Webby for Good is a collaborative program formed by The Webby Awards and WP Engine to showcase Webby-recognized projects built to change the world.
What’s the elevator pitch for your project?
In 2018, the president of the U.S targeted Dr. Christine Blasey Ford and tried to cast doubt on her allegations when she bravely testified against U.S Supreme Court nominee Brett Kavanaugh for sexually assaulting her when they were teenagers in the summer of 1982. As a response, we created a dedicated Instagram account (@WhyIDidntReport) and a simple Instagram template for survivors all over the world to share the reasons why they didn't report their sexual assaults. Since the launch, we’ve receive more than 30k+ stories from survivors all around the world. We want this project to provide empowering and meaningful experience and also bring together many survivors whose stories' have been silenced and denied.
What was the impetus for this project? What real-world challenge were you trying to solve?
The project was created as a direct response to last year's Christine Blasey Ford and Brett Kavanaugh hearing. We were heartbroken by the event and the stigma (and perception) around why people don't report their sexual abuse. The event provoked many survivors to start telling stories and we were shocked by how complex and unsettling the reasons are. We wanted to created something simple and impactful to help these stories to reach even more people.
One of the biggest breakthroughs was when we realized the power of a simple template. We of course wish we had the technical skills or a budget to execute some kind of shiny AR/camera filters to make the project feel more innovative (a bit of creative greed here). Our limitation enabled us to really focus on the cause (and the people) and develop a template that is simple and accessible for everyone.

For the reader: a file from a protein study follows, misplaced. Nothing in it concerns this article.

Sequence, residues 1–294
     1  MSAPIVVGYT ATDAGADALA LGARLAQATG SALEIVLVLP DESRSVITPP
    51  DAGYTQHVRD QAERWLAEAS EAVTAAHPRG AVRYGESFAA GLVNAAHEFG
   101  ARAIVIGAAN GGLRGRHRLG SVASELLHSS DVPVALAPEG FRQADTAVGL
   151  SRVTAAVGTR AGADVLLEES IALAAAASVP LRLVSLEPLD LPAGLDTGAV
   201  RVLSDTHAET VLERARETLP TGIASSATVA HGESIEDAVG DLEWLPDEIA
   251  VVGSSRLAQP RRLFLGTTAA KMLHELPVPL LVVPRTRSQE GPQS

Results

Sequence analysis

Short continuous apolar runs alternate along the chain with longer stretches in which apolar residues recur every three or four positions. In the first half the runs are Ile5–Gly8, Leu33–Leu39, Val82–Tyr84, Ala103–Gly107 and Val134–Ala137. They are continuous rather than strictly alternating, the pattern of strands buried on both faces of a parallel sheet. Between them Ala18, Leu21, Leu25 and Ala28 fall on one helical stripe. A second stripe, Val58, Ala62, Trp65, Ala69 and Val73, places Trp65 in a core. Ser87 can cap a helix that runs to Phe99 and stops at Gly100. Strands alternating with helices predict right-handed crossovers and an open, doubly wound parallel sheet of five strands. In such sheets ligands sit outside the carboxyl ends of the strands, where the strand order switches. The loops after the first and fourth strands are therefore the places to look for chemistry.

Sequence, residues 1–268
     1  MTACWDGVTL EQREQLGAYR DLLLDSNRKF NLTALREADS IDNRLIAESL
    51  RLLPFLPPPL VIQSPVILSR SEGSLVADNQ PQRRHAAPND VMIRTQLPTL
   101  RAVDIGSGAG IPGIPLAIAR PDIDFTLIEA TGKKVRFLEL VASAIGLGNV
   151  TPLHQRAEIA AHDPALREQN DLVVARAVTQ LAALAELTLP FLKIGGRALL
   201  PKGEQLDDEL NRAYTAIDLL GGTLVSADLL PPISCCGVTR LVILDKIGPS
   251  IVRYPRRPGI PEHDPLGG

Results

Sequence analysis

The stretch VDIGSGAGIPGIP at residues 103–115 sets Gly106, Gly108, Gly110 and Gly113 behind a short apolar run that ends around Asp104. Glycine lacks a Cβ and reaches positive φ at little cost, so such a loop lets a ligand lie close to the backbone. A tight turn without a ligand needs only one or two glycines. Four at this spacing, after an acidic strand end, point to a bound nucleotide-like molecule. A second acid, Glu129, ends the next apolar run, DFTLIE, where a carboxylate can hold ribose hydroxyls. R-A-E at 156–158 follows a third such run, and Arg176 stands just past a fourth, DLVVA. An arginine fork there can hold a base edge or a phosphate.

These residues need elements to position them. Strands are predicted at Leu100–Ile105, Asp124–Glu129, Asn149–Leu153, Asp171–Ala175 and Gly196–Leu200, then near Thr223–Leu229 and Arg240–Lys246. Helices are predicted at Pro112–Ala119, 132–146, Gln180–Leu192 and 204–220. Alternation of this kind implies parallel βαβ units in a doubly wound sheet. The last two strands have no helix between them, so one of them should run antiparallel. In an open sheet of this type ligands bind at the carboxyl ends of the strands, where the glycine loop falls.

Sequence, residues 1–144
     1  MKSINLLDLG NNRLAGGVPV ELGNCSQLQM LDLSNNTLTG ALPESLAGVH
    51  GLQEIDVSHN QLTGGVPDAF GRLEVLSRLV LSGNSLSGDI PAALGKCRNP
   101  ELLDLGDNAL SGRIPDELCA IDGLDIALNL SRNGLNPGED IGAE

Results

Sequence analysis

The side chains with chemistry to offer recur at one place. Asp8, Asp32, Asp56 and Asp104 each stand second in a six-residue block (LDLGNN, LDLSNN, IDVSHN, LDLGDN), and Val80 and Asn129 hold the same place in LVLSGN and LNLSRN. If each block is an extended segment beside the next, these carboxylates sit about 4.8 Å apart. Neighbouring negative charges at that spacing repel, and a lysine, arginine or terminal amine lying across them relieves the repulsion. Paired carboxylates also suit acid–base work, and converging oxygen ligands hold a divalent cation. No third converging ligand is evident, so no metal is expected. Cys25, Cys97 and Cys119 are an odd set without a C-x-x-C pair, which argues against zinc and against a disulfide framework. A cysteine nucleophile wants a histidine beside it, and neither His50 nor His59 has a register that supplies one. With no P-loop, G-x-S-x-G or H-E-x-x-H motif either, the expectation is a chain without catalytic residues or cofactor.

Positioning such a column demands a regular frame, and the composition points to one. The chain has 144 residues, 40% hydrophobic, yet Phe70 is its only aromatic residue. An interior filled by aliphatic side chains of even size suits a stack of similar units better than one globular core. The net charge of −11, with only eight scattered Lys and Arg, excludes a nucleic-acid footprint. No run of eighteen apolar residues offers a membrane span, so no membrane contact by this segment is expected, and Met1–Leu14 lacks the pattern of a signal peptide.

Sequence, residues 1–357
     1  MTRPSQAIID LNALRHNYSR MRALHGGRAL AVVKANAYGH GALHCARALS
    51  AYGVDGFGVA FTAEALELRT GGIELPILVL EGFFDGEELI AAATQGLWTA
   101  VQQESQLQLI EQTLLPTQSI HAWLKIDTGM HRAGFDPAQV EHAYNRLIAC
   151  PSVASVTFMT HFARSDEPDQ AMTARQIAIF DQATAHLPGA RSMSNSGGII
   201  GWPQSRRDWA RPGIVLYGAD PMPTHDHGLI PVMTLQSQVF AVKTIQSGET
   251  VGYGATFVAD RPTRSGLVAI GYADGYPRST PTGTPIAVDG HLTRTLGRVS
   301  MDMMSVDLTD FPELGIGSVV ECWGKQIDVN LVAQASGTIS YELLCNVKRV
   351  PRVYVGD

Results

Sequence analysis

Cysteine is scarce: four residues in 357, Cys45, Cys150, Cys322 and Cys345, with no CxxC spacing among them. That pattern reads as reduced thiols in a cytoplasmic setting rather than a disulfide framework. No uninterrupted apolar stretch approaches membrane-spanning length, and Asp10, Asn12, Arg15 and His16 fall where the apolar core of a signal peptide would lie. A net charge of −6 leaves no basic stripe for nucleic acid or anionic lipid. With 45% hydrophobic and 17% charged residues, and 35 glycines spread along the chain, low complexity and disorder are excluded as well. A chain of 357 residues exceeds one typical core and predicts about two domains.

Once you settled on your idea, what was your first step in moving it forward?
The first step was to figure out the simplest yet more impactful way(s) to let people share their stories. We started off by creating a template that people could use and share. We then started posting more than 5000+ fliers all around subway stations, cafes, schools, and public restrooms to further amplify the message.
Was there a moment during the project where you ran into a hurdle; or faced a problem you didn’t know how to solve? Take us to this moment, what happened and what did you do next?
The Instagram page was created to give survivors a safe space where they can share their stories without fear or shame. We're constantly trying our best to monitor the account and make sure we keep the haters and trolls off as much as possible but monitoring all the hateful comments is a daily challenge for us. We now have followers who help us monitor and report triggering/abusive comments on our behalf.
Did the real-world impact meet your expectations? Can you share an example?
Yes, we've received more than 30k stories from all around the world so far and get daily messages from other survivors about how the campaign has given them strength to heal. We also have collaborated with other survivors from other cities and countries to expand the effort. The support from the community gives us strength to keep pushing and fight for the cause.
What technologies/media did you use to develop this project (AI, Social Media, WordPress, etc.)?
We used Instagram for this project.
Was the tech/medium you chose crucial to conveying your message? If so, why?
Yes, privacy and shareability are two extremely important aspects of the campaign. We want survivors to feel protected as they share their most personal stories with us. At the same time, we (and the survivor) want people to share our account and visual messages to help reach more survivors and change the conversation (and stigma) around sexual harassment. Instagram has let us achieve all of these without compromise.